This Article is written by Versha Singh. (3rd-year law student, pursuing B.A., LL.B (Hons.) from Amity University, Lucknow)
Interrogation is a process where a person in authority attempts a suspect to confess something. The 3rd report of the National Police Commission includes that the power of arrest was one of the chief sources of corruption in the department of police. The report of the commission also suggested that about 60% of the arrests made by the police were either unjustified or unnecessary. Hence it is fundamental for every woman to know their rights during an arrest or interrogation.
Rights under Indian Law:
- Right to Equality: Article 14 of the Indian Constitution guarantees “equal protection of law and “equality before law”. It means that all litigants, similarly situated, irrespective of whether the person is accused or not, are entitled to same procedural rights for relief and defence. The Constitution of India not only grants equality to women but it also empowers the State to adopt measures of positive discrimination in favour of women under Article 15(3) of the constitution. This inherently protects the right to freedom from discrimination.
- Presumption of innocence:a person is believed to be innocent until proven guilty. This principle is known as the Presumption of Innocence. The accused has the right to take the benefit of reasonable doubt with respect to the crimes he has committed or is being accused of.
- Right against self-incrimination and the right to silence:
The right to silence is a legal principle that guarantees an individual the right to refuse to answer questions from law enforcement officers or court officials during the course of an interrogation. Clause (3) of Article 20 of the Indian Constitution also guarantees the right against self-incrimination. The ‘right to silence’ principle means that courts or tribunals of fact should not conclude that a suspect or an accused is guilty merely on the fact that he has refused to respond to questions put to him by the police or by the Court.
- Right to freedom from coercion, duress, threat, torture or harassment:The person who is arrested and has been interrogated has to be produced before the magistrate within twenty-four hours from the time of his/her arrest. The time taken in the journey is not included in this period. No arrested person can be detained longer than 24-hours. No accused can be unreasonably handcuffed or manhandled, it is only legal under certain circumstances made on reasonable grounds. Also, the escorting officer has to inform the reason for handcuffing to Judicial Officer before whom the accused is going to be produced. The detainee has the right to not be ill-treated, abused or tortured while in the custody during interrogation and investigation. Further, the detainee should not be subjected tomore restraint thanwhat is necessary to prevent his escape.Furthermore, no person can be induced or threatened or coerced to answer any question.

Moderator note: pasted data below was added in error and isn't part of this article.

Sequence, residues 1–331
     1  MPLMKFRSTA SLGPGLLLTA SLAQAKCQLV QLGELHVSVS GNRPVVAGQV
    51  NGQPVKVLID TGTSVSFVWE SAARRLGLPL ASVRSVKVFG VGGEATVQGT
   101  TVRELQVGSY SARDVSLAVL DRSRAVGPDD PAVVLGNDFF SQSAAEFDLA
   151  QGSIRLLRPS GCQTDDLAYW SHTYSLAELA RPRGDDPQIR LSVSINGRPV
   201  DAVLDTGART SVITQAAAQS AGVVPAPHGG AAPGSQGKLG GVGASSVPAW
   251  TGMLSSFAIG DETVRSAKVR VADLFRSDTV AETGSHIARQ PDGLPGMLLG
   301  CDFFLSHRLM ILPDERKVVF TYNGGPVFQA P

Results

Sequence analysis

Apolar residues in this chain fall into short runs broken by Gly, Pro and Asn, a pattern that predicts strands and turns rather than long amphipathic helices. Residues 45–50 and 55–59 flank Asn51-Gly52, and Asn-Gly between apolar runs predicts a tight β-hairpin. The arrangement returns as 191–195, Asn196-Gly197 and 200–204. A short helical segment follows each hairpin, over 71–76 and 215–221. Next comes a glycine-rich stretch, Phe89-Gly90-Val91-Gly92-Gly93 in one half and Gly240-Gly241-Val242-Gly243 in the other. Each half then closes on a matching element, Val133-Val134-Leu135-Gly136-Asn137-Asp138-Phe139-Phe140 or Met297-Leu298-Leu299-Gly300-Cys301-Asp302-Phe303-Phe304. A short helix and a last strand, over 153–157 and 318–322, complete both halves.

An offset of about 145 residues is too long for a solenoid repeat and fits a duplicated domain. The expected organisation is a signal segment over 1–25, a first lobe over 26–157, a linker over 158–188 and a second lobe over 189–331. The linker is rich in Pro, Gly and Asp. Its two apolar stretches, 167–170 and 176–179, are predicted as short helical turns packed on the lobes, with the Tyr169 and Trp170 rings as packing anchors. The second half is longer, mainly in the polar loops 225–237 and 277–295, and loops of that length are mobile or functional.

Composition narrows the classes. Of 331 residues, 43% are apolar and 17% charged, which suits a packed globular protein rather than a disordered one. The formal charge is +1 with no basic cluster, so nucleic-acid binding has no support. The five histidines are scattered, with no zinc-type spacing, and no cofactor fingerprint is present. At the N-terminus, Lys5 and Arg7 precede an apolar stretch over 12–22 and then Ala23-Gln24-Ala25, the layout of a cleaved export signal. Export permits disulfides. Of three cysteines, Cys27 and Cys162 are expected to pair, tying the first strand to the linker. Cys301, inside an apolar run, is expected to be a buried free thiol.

- Right to be informed of the charges:The investigating officer has to give a written order for calling anybody for interrogation at the police station. If the person is arrested then she should be informed of the grounds of arrest by the police. Also, the police should also inform the arrested person about all the rights that a detained person is entitled to. Hence, every person is entitled to know why he or she is being arrested or questioned. And has the right to question the validity of the arrest if the warrant is unlawful. It is the duty of the police officer to inform her relative or friend about her arrest and the place of detention.
- Right to bail:To be released on bail when arrested for a bailable offense and this right should be informed by the police officer to the person who is arrested.10 And if it is a female who is arrested for a non-bailable offence, even if the offence is very serious (punishable by death penalty even), the court can release her on bail.11
- Right to the presence of counsel during interrogation:Detainee has the right to meet and consult a lawyer of his/her choice. The arrested person has the right to consult a lawyer during the interrogation also but not throughout the interrogation period. The right has been enumerated under Sec. 41D and Sec. 303 of CrPC.